The term is sometimes capitalized when referring to an identity or community, rather than merely a sexual fact (cf. the capitalized use of Deaf).[6]

In the late 2000s (decade) and early 2010s, a number of internet communities started to use the term 'LGBTQ,' the 'Q' standing for 'queer,' to represent forms of sexuality that fall outside of the original LGBT framework, in order to promote awareness and acceptance of these forms of sexuality. The term has a similar function to that of LGBTI, except LGBTQ focuses on sexuality rather than gender.[7]

Inclusivity and scope

The range of what "queer" includes varies. In addition to referring to LGBT-identifying people, it can also encompass: pansexual, pomosexual, intersexual, genderqueer, asexual and autosexual people, and even gender normative heterosexuals whose sexual orientations or activities place them outside the heterosexual-defined mainstream, e.g., BDSM practitioners, or polyamorous persons.

For some queer-identified people, part of the point of the term "queer" is that it simultaneously builds up and tears down boundaries of identity. For instance, among genderqueer people, who do not solidly identify with one particular gender, once solid gender roles have been torn down, it becomes difficult to situate sexual identity. For some people, the non-specificity of the term is liberating. Queerness becomes a way to simultaneously make a political move against heteronormativity while simultaneously refusing to engage in traditional essentialist identity politics.[8]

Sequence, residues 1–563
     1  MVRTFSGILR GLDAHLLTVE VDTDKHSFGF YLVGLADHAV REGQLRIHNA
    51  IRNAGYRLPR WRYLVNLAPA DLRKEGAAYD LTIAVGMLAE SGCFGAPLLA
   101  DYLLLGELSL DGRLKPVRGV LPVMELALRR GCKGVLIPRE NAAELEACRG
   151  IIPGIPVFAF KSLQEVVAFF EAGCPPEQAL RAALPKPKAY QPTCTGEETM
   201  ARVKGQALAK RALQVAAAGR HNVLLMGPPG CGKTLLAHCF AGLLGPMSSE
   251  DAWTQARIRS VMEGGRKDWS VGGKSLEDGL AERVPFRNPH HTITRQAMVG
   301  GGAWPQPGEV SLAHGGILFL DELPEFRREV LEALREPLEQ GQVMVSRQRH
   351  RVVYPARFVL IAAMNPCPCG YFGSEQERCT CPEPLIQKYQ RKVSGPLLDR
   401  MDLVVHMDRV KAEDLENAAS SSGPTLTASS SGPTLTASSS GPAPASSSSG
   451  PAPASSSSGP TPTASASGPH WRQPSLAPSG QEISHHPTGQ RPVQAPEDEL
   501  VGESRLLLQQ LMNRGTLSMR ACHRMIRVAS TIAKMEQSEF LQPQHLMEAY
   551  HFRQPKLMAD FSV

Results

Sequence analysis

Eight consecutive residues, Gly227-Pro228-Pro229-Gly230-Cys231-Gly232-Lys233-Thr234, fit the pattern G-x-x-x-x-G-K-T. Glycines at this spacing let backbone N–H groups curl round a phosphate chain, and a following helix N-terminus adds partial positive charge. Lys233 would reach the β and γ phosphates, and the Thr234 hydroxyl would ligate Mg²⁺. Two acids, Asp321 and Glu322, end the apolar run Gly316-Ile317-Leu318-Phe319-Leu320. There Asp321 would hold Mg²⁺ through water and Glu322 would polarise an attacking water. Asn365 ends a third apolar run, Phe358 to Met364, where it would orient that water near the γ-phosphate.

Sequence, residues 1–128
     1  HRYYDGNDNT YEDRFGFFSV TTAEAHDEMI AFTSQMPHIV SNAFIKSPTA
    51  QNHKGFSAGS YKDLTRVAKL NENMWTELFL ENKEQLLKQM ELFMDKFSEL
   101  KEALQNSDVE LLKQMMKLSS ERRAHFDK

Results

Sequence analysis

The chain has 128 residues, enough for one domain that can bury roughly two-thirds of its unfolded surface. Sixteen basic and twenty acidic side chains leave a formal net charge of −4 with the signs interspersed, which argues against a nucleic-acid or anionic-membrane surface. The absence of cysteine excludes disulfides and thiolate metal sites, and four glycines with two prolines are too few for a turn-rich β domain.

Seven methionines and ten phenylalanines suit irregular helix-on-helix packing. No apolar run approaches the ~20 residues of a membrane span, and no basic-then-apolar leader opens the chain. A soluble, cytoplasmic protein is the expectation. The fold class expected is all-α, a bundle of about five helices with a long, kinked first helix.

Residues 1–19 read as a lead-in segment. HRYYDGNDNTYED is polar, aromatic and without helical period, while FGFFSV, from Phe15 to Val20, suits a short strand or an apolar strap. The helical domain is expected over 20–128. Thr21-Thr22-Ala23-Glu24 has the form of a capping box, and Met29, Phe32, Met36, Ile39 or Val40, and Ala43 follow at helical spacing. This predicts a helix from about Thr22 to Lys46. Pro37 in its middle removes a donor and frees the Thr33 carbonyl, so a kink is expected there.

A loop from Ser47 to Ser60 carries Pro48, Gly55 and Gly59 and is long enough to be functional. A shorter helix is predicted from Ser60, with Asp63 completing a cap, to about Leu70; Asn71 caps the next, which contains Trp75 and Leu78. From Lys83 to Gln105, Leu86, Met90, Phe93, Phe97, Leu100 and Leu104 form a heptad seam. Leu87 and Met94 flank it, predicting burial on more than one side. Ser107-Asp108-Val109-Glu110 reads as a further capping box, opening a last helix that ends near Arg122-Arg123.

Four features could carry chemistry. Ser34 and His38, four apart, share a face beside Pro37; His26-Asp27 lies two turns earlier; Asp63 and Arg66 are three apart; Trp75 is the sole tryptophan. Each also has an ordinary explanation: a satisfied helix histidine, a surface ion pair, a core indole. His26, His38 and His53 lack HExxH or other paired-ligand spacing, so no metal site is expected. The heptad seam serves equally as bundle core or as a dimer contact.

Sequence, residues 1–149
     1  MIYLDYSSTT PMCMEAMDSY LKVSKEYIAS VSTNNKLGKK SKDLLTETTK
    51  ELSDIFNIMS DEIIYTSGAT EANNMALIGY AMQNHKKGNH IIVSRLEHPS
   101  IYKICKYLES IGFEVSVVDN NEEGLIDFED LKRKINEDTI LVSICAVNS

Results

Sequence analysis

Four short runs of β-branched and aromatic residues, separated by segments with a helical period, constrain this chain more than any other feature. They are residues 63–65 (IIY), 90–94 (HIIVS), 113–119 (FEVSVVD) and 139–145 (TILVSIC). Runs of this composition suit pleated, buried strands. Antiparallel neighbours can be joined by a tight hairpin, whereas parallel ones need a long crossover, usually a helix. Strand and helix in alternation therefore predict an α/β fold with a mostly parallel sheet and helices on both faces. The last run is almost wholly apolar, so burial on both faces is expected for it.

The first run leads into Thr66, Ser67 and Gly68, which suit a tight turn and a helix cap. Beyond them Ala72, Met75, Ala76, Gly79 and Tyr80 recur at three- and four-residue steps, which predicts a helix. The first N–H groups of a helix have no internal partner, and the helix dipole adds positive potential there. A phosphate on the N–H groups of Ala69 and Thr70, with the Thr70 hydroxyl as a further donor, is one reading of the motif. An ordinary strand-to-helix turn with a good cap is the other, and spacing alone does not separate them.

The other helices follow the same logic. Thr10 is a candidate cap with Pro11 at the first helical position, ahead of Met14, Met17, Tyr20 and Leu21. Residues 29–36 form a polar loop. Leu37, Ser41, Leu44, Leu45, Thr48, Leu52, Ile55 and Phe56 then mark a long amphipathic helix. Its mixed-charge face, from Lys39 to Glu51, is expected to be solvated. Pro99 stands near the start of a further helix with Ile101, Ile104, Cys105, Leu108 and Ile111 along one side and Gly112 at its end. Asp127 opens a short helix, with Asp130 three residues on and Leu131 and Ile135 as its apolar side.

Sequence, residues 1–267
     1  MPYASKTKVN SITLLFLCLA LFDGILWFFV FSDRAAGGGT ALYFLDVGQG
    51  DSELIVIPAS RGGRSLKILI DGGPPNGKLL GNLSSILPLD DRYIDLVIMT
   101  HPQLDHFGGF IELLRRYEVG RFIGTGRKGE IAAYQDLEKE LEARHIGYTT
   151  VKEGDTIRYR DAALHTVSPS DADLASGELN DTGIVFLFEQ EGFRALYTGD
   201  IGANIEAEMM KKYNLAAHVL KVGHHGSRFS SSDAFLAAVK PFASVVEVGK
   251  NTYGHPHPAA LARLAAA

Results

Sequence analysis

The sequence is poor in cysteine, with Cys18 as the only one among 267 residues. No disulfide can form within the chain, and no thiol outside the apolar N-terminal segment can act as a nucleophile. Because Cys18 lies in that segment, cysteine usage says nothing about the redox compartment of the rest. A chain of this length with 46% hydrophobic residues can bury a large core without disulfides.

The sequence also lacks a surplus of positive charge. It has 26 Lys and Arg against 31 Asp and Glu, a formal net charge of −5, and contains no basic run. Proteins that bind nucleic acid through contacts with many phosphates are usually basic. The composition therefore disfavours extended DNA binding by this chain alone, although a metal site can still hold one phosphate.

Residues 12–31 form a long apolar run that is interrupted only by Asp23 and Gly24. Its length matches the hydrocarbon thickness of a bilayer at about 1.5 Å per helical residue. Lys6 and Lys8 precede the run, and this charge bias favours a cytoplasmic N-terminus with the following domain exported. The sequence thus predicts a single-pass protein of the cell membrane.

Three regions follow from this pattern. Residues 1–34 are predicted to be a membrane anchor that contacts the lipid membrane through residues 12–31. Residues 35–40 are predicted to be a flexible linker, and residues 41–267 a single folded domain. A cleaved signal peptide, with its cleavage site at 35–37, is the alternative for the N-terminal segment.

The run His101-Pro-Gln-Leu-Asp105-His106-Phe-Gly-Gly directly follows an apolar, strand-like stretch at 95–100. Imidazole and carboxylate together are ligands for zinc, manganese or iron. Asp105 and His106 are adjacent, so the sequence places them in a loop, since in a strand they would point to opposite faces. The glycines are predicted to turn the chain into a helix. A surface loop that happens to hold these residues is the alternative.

Current examples

Academia

Arts, entertainment, and publishing

Some television shows that use "queer" in their titles include both the British and North American versions of Queer as Folk, Queer Eye, and the cartoon Queer Duck. This commonplace usage has, especially in the American colloquial culture, recently led to the more hip and iconic abbreviation "Q".[9]

See also

References

Notes

  1. ^ "Queer". ALGBTICAL. http://www.algbtical.org/2A%20QUEER.htm. Retrieved September 2, 2010.
  2. ^ The Telegraph If one is bankrupt, one is in Queer Street. This originates from the word query which tradesmen and merchants would write against the names of persons who were late in paying. Another theory relates it to Carey Street off Chancery Lane in London which housed the bankruptcy courts.
  3. ^ Jane Czyzselska, untitled, Pride 1996 Magazine (london: Pride Trust & Gay Times, 1996) p15
  4. ^ A TALE OF TWO SEXUAL REVOLUTIONS; STEPHEN ROBERTSON AUSTRALASIAN JOURNAL OF AMERICAN STUDIES Quote: The most striking addition to the picture offered by D’Emilio and Freedman is a working-class sexual culture in which only those men who took the passive or feminine role were considered ‘queer.’ A man who took the ‘active role,’ who inserted his penis into another man, remained a ‘straight’ man, even when he had an on-going relationship with a man who took the passive role.
  5. ^ Text of the "Queer Read This" flier. Retrieved 4 February 2010.
  6. ^ "Information About: Queer". Retrieved on September 2, 2010.
  7. ^ Tumblr tag search of "LGBTQ" to highlight its prevalence
  8. ^ "Alphabet Soup: Labels and Empowerment". Retrieved on September 2, 2010.
  9. ^ " Queerbook, What's In A Name?" Retrieved on September 2, 2010.

Bibliography

  • Anon. "Queercore". i-D magazine No. 110; the sexuality issue. (1992).
  • Crimp, D. AIDS DemoGraphics. (1990).
  • Katlin, T. "Slant: Queer Nation". Artforum, November 1990. pp. 21–23.
  • Tucker, S. "Gender, Fucking & Utopia". Social text, Vol.9, No.1. (1992).

External links